And danged if it don’t have pretty much the same level of starkly minimalist design-fetishism that the pre-crash 21st Century had. The kitchen looks like an ipod.
This is also another interesting example of this trend where a piece of work is not presented as a fait accompli – but rather the whole production history (or edited highlights thereof) are also presented. It’s like art/craft has acquired a new dimension along the time axis.
And Morgan are still going – though I must confess that I prefer their vintagier looking offerings.
What’s the bet, that when electric vehicles get fully underway, you’ll be able to buy Sound/Feel emulators (a bit like vintage-amp emulators that you can get for guitars) that make the same sound and vibrations etc as the real thing.
This one (the Morgan I mean) could almost form a design genre all of it’s own – like steam punk, but applied to 1920s racing cars, all chrome and leather and general shineyness – there have been a couple of tries at this, but they’ve never quite pulled it off… Too much modernity and not enough attention to detail… and materials (when you come down to it) have their own personalities. To make cars that look like this, I think you have to start with wood.
A Ferrari Modulo Pininfarina from 1970 – a pinnacle of the art – absolutely beautiful bit of paleo-futurism which makes me think of Clockwork Orange for some reason.
It makes me feel all futuristic and nostalgic at the same time.
Still. That was yesterday.
A while back I went on gushingly about Local Motors – a car-manufacturer that’s adopted the Threadless Approach, and got punters to design their own cars… a couple of days ago, Eric Hunting (who’s a genius) from the Open-Manufacturing group had this to say about it:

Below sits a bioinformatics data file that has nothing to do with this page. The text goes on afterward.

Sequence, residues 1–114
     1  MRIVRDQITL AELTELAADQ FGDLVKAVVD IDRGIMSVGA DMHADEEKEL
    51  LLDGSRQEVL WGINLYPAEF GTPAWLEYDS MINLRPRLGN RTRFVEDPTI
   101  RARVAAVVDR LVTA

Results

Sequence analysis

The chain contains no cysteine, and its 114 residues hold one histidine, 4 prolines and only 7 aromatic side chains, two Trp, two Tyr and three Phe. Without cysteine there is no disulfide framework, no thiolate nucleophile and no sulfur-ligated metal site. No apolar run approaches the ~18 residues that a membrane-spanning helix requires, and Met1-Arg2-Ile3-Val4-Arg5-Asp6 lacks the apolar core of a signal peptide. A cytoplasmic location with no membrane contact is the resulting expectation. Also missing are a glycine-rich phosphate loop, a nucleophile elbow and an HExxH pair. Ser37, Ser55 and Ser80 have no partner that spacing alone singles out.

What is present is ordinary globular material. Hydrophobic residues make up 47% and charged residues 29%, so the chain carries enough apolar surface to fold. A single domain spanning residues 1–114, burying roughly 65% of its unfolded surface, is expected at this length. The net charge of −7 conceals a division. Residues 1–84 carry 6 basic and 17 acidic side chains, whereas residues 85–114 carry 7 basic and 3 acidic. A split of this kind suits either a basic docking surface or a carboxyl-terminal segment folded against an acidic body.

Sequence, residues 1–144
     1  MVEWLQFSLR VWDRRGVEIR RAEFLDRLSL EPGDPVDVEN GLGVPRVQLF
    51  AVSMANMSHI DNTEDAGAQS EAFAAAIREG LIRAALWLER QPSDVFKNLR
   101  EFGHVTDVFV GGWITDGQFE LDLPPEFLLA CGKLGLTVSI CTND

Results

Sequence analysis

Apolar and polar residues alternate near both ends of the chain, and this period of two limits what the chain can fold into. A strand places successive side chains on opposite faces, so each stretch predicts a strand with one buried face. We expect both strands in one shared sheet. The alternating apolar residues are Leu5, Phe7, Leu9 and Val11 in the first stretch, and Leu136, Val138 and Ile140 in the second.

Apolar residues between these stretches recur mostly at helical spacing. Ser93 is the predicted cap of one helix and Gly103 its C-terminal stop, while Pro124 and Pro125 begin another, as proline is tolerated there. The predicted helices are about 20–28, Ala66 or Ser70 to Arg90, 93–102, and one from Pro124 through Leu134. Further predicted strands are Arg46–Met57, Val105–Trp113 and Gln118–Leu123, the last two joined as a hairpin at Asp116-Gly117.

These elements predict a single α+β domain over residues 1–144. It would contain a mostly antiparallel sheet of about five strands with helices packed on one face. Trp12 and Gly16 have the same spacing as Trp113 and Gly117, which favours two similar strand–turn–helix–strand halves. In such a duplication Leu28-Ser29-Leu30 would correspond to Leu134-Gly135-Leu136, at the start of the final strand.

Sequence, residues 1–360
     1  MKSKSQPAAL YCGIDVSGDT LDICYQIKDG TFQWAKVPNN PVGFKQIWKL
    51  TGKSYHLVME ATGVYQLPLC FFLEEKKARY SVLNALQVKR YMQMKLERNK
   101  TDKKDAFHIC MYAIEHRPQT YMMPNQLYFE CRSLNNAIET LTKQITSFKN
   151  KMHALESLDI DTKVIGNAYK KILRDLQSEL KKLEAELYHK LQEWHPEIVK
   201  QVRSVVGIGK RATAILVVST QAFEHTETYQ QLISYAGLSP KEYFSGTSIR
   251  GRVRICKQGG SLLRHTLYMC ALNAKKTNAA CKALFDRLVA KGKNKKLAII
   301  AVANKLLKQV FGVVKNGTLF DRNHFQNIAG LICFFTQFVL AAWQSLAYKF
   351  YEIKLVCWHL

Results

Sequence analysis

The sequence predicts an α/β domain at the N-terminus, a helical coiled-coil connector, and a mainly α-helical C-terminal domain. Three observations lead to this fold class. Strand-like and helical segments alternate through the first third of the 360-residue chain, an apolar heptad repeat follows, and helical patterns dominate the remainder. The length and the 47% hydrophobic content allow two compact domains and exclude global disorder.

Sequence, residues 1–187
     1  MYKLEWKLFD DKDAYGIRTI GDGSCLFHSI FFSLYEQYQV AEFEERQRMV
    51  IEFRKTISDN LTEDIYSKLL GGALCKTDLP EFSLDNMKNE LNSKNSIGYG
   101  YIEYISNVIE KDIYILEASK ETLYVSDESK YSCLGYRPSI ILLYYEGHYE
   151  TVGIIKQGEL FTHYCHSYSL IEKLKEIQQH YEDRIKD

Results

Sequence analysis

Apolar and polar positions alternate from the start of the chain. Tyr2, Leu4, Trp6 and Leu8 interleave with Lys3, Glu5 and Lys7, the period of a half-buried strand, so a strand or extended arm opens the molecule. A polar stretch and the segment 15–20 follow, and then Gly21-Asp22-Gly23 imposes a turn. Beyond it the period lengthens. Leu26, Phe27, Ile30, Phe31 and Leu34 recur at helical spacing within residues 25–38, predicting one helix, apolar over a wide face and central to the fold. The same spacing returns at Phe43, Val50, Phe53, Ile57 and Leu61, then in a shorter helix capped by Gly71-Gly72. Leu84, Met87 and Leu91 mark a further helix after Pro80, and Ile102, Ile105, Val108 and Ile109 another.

Normally I would jump at this topic, but after looking at this site
I’m afraid I couldn’t do it without my rage getting out of control.
I’m unfortunately afflicted with an Eero Saarinen sort of aesthetic
sensibility. Unnecessary design and decoration tends to piss me off
and cause me to start trance-channeling James Lileks.
The premise is great. The idea of crowdsourcing designs and then
producing them through localized manufacture is very significant. I
really-really-really want to like this project. But their
implementation of this concept….
The first thing that leapt into my mind upon going to this web site
was; “what’s with all these Batmobiles, Hot Wheels cars, George Barris
mutants, and Syd Mead rip-offs?” And then I realized, this is what
they are getting as design submissions from, mostly American
apparently, design students and car enthusiasts. And what’s their
first car going into development? A luxury dune buggy? Do they really
think that is going to have any kind of cultural impact? The fatal
flaw in their concept seems to be the nature of the crowd they’re
crowdsourcing design from. Student car designers today are not
educated in the technology of automobile fabrication. It seems they
may not be getting any engineering education whatsoever anymore. They
are trained in fuzzy aesthetic philosophy (the sort of moronic design
theory that says every car should have a ‘nice face’…) and using
computer graphics programs to render glassy-looking pictures that
generate a ‘wow factor’. These are then thrown at engineering teams
that pick out whatever looks remotely feasible to build with some
hacking for the sake of reality adjustment. So there’s been this